New industry self-regulatory guidelines that call for icons in political ads will take effect November 1.
The guidelines, unveiled last year, mirror the DAA's longstanding AdChoices privacy guidance -- which relies on icons to inform consumers about advertisers' use of tracking data.
The political disclaimer program calls for icons that carry the phrase “Political Ad,” and that link to sites disclosing the identity of the advertisers, their contact information and other disclaimers.
The DAA previously issued detailed specifications about the icon, addressing matters such as the size of the icon, its placement and surrounding text. Among other recommendations, the DAA says the icon's default position should be the top right-hand corner.
The Federal Election Commission is still crafting new disclaimer rules for online political ads.
In the past, the FEC didn't require full disclaimers within the body of ads that were physically small -- including some ads on Facebook and Google. But the agency is revisiting the question in light of revelations that Russia interfered in the last presidential election.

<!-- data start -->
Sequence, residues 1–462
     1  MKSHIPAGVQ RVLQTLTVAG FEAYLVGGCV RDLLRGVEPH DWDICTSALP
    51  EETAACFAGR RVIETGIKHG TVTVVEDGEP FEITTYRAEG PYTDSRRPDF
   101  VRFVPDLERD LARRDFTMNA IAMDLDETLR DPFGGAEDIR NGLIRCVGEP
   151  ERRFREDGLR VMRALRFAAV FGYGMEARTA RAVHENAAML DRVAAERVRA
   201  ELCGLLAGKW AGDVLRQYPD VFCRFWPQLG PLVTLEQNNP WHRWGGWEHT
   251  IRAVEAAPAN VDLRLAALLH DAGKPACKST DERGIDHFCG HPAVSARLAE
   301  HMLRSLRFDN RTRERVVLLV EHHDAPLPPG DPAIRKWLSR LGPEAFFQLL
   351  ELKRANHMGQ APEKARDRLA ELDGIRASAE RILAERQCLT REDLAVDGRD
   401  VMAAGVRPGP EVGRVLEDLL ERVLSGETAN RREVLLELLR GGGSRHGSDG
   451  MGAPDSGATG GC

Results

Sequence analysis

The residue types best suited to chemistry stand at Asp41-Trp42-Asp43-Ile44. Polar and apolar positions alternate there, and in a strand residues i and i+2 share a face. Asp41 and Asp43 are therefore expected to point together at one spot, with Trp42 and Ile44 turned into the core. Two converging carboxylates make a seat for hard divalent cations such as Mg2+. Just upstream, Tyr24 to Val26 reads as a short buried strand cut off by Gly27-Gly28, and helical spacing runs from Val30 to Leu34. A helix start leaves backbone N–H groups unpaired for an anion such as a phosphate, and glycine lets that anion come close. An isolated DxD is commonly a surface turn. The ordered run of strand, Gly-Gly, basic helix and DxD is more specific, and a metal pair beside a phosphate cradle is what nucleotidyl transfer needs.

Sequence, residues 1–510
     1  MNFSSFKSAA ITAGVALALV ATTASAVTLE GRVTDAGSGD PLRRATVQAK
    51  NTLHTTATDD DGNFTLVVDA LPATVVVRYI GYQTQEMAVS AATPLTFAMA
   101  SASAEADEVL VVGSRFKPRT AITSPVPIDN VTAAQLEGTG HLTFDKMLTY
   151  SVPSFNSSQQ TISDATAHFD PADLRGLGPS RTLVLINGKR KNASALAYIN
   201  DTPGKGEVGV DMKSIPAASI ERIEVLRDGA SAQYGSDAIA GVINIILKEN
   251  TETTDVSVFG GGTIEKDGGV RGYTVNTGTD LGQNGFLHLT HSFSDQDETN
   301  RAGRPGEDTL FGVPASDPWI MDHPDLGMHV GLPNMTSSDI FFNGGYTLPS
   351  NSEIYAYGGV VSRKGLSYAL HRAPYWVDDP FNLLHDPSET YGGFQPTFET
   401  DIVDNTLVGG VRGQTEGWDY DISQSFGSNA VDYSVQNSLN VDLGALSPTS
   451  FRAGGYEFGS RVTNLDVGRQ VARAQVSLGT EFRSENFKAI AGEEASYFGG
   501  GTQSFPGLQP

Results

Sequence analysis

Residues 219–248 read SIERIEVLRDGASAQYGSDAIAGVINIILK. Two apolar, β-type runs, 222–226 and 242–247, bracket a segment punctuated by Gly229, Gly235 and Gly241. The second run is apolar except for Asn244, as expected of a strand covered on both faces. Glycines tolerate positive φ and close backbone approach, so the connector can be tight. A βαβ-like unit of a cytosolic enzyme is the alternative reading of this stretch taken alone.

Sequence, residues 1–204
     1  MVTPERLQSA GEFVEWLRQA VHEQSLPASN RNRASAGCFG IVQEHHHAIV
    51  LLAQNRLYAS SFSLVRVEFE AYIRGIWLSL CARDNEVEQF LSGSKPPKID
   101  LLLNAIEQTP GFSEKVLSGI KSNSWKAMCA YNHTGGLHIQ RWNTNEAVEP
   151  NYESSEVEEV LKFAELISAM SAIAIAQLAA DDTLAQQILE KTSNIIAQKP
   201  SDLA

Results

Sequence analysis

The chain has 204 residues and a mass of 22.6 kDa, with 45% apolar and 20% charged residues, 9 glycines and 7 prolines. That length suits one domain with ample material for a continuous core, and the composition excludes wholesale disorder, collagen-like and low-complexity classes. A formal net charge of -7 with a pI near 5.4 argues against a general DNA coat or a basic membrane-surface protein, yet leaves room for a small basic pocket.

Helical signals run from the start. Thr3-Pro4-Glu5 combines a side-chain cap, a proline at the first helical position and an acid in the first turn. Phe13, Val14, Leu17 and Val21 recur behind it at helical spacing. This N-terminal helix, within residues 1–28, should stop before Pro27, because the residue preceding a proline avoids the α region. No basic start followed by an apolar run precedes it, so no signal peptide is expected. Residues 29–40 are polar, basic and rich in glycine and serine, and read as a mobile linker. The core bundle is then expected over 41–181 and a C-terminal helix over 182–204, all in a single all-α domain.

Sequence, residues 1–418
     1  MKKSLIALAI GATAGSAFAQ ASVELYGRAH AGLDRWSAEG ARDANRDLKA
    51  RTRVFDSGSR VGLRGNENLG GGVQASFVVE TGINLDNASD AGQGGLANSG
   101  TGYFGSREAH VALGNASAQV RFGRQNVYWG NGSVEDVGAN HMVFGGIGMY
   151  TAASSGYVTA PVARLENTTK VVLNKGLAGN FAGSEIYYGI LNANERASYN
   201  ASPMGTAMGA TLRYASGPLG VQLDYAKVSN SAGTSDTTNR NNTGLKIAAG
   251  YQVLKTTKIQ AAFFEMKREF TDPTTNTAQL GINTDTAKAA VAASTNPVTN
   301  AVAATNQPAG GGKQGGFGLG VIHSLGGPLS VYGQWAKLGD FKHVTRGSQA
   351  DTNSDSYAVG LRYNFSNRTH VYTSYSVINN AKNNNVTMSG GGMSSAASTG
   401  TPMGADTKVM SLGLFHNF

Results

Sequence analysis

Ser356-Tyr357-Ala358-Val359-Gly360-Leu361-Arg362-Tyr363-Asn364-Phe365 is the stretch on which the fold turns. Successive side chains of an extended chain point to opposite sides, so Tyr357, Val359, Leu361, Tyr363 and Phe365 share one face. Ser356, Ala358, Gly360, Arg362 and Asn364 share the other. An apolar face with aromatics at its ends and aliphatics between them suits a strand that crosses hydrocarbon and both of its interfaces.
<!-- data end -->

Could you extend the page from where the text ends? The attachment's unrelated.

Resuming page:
Sens. Amy Klobuchar (D-Minn.) and Lindsey Graham (R-S.C.) recently reintroduced the Honest Ads Act, which would subject large web platforms to some of the same rules for political apolitical ads as TV broadcasters.
The proposed bill would require digital platforms with at least 50 million monthly users to maintain publicly available copies of political ads purchased by groups spending more than a total of $500.